Years ago, a woman in her early twenties wrote to me; she was completely freaked out. Her doctor had told her she had the human papillomavirus (HPV) and she was terrified about what it meant for her long-term health—and her relationship. I wish I could say this scenario was uncommon, but as a human sexuality professor, I've heard from dozens of scared, panicked women who don't have a clue about the most basic facts of HPV.
Worse, this total lack of awareness is what fuels the stigma around most STIs—and HPV is no exception. When many women who test positive for HPV work up the gumption to disclose their status to their partners, they're sometimes called "dirty" and told that HPV is their "fault." These same men think a positive result for HPV means their partner cheated on them—after all, they don't have HPV (or so they think), so how else could it have happened?
Well, I wish I could say to all of them, here's how: HPV is the most common sexually transmitted infection (STI) that there is. As the CDC puts it, "HPV is so common that nearly all sexually active people get it at some point in their lives." Yes, nearly all. But most people have no idea they have, or have had, HPV. You know who's least likely? Men. Know why?
Because there's no widespread HPV testing available. So, guys, if your female partner has HPV, it's just as likely that you passed it to her as it is that she passed it to you. And if you've both had oral, vaginal, or anal sex before having it with each other? Well, you've both probably already had HPV, anyway. A woman who has had an abnormal Pap test result—one that shows cervical changes due to HPV—may hear from her healthcare provider that she should get follow-up testing and possibly treatment. And if that happens, remember that your partner needs support, not blame. Keep the lines of communication—and kindness—open.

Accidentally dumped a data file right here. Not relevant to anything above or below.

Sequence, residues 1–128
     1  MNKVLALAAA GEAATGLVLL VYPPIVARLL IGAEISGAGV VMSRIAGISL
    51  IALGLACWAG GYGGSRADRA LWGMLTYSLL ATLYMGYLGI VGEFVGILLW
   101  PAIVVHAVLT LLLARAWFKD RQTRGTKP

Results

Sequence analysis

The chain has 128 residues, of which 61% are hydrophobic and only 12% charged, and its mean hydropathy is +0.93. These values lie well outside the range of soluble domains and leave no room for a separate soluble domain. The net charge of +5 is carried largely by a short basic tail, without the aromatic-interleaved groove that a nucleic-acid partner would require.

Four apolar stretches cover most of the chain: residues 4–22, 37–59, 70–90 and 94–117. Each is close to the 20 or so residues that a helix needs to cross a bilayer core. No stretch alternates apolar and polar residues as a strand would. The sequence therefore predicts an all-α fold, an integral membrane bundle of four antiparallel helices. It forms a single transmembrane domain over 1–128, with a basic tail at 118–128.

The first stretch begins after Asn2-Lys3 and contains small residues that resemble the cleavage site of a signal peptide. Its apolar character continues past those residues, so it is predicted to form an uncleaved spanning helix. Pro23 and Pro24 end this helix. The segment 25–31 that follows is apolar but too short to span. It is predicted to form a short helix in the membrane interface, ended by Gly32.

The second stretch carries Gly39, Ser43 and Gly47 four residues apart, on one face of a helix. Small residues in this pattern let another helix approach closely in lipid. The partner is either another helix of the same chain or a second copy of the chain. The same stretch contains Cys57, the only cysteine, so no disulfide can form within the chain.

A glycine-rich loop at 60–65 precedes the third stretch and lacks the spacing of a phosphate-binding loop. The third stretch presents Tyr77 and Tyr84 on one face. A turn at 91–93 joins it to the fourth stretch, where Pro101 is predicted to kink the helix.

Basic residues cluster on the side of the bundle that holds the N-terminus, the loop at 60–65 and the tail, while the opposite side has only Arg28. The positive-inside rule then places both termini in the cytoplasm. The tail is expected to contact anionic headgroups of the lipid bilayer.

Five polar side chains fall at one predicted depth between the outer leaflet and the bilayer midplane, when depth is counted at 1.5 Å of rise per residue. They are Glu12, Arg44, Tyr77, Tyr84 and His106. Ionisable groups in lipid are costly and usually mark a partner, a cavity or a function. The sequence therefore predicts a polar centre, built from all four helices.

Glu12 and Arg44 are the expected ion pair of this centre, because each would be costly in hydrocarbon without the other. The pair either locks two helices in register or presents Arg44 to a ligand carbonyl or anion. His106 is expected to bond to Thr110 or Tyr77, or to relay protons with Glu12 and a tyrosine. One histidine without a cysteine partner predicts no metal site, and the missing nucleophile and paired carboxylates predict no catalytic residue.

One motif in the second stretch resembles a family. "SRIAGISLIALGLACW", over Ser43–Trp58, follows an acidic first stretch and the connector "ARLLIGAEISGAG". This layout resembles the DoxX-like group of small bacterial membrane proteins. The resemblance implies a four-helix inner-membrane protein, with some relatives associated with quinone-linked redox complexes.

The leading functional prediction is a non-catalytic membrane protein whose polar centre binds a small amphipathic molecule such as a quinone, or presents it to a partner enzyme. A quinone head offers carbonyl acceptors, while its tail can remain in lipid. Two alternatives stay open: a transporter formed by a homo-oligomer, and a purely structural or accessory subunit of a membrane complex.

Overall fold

Other things worth knowing: Smoking can make it worse—by which I mean, it sticks around longer than it would if your body was in fighting shape. And, of course, there's a vaccine—available for people of all genders, but there are a few different kinds, and dosing schedules can vary based on your age, sex, and health history. (Women still get it more often than men do.)
So if you're a parent, try and talk with your kid's pediatrician about it. New CDC guidelines suggest that two doses—instead of the traditional three—work well if the first dose is started before your son or daughter's 15th birthday. Kids as young as 9 can get their first dose and it's generally recommended that they start by age 11 or 12. (The CDC has more info here.)
Older teens and young adults have probably already contracted at least one strain of HPV—but likely not all of the ones the vaccine can protect against. (One vaccine protects against as many as nine of the more troublesome strains.)
Regardless of whether or not you're vaccinated, however, HPV is not usually a major problem. That woman who was certain her diagnosis was a one-way ticket to cancer? It's not. While HPV is linked to various cancers of the cervix, anus, penis, vagina, vulva, and head/neck, most people will never develop an HPV-related cancer. If you're diagnosed, try to stay calm, ask your doctor questions, and follow their recommendations.
Remember: Most sexually active people get HPV. As the American Sexual Health Association and the CDC remind us, most people's bodies—about 90 percent—seem to clear the infection within a year or two, even without treatment. So relax, and stop the shame.
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